Doctors recommend that you try to avoid crossing your legs while sitting for long periods because it can cause your muscles to tense up, which could lead to another electric shock in the leg.

If you do experience an injury, make sure not to stretch yourself too thin trying to get back on your feet right away. If that injury is a muscle tear or sprain, it might be wise for you to take some time off and let it heal before continuing with your day-to-day activities.

What is Arachnoiditis?

Arachnoiditis is chronic inflammation in the arachnoid layer of the meninges surrounding the brain and spinal cord.


Infection from bacterial, fungal, or viral agents – Exposure to the chemicals that are used in certain types of anesthetics, which include bupivacaine, chloroprocaine, cocaine, and lidocaine.

Direct trauma to the surface of the spine – Penetrating injuries from a gunshot or knife wound.

Infection from tuberculosis, syphilis, or parasites – Abnormal development of blood vessels in the arachnoid layer that can cause a stroke.

Treatment of Arachnoiditis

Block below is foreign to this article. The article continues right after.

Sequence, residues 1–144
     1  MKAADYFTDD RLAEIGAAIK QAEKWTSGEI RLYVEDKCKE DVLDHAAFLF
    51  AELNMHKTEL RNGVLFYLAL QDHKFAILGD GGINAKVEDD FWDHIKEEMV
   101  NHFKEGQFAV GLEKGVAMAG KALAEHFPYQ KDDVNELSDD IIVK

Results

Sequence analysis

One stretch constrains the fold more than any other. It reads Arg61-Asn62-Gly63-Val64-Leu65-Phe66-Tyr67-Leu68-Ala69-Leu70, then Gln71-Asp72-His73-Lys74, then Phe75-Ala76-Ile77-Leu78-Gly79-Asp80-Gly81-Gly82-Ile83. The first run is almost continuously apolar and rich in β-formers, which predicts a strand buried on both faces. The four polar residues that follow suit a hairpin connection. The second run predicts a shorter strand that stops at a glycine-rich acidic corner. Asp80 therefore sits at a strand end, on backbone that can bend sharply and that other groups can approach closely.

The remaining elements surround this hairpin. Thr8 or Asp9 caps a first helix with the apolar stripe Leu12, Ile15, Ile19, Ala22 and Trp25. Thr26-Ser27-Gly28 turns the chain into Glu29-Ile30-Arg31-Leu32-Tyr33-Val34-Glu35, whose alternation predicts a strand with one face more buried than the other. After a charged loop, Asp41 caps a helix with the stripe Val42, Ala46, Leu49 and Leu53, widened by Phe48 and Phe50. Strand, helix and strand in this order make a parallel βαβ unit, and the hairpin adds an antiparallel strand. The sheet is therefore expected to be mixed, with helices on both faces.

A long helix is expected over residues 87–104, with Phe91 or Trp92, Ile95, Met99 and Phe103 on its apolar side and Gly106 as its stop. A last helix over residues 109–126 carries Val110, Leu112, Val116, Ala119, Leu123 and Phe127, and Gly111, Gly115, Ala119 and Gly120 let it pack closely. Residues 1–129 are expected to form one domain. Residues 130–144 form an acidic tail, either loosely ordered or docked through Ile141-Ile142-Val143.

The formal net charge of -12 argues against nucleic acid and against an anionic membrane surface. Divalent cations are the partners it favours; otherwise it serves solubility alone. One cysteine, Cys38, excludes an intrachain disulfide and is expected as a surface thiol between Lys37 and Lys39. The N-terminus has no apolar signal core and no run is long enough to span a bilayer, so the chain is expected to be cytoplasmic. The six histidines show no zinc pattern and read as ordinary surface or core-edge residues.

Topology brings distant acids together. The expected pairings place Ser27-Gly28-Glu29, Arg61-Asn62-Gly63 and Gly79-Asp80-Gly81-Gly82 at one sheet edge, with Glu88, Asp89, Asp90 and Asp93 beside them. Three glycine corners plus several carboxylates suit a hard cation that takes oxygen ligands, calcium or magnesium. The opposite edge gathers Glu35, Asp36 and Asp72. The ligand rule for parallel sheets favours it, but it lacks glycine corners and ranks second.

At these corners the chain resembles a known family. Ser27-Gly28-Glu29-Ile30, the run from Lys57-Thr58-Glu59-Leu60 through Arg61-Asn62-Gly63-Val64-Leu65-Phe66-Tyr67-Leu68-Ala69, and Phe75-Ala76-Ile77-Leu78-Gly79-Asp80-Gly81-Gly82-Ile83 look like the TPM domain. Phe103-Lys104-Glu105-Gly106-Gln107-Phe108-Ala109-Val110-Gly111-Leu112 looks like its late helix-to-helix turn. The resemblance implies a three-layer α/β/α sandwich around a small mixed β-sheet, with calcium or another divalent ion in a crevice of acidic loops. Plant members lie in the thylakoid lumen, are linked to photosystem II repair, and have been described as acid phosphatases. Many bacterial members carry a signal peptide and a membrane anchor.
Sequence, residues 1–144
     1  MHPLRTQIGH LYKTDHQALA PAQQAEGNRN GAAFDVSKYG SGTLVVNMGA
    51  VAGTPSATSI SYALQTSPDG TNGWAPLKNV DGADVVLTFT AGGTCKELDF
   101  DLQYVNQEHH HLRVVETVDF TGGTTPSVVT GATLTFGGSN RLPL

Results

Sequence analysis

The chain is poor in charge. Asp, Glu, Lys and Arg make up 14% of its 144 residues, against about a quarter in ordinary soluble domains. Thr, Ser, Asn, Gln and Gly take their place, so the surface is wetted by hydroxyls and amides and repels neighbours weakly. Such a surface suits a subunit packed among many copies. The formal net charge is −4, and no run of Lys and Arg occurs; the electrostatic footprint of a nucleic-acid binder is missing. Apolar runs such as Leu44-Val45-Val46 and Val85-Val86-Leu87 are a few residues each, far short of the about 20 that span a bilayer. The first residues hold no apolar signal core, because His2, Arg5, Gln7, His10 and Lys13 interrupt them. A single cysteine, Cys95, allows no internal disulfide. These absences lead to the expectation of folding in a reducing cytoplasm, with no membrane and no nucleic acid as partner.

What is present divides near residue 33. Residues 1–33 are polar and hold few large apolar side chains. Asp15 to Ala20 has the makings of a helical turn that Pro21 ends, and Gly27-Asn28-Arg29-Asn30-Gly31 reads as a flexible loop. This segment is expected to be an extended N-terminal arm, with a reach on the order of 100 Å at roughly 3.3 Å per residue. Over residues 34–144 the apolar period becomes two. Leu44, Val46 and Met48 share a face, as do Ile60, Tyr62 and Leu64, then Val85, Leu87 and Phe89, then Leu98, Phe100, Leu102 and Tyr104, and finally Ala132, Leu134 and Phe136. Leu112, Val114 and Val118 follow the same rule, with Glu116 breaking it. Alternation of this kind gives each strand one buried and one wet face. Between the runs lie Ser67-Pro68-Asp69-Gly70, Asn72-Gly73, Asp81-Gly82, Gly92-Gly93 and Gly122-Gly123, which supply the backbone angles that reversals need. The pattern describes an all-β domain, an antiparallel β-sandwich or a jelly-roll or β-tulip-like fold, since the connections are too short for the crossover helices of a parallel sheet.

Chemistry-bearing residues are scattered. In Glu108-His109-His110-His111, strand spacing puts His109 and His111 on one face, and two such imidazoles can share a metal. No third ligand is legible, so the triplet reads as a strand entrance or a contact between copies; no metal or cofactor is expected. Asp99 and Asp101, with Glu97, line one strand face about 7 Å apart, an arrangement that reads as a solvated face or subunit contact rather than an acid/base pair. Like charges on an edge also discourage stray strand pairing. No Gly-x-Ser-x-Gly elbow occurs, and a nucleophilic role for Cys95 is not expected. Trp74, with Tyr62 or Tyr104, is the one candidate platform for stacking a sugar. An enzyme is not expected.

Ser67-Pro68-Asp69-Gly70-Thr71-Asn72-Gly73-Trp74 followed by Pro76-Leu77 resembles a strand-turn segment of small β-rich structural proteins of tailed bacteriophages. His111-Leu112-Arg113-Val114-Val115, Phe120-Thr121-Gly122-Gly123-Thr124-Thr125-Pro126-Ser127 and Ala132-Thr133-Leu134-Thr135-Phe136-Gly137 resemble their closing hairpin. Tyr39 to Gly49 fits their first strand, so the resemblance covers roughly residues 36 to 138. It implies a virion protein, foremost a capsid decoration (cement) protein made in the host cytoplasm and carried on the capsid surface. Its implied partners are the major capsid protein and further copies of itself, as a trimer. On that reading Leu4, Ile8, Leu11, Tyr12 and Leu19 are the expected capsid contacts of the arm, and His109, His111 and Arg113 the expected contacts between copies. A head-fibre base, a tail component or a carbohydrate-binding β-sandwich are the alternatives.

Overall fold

The goal of treatment for patients with arachnoiditis is to relieve the associated pain and inflammation.

Treatment options include:

Steroids – Corticosteroids can be injected into the spine, which might effectively reduce inflammation. Surgery – A surgical procedure called a laminectomy can be performed by removing part of the bone or tissue that is pressing on the spinal cord or nerve roots.

Neurostimulation – A neurostimulator, which is a small device placed under the skin, can deliver electrical impulses to block pain signals before they reach the brain.


Shooting pain in the leg can be a frightening experience. Although you might not understand what it is, don’t let your mind run wild thinking about all of the problems it could be causing because usually, they are benign and easily treated.

Take a moment to look around yourself and make sure that everything is okay before going any further with your day. After that, if the pain continues to persist, make sure you contact your doctor to schedule an appointment and learn about your treatment options.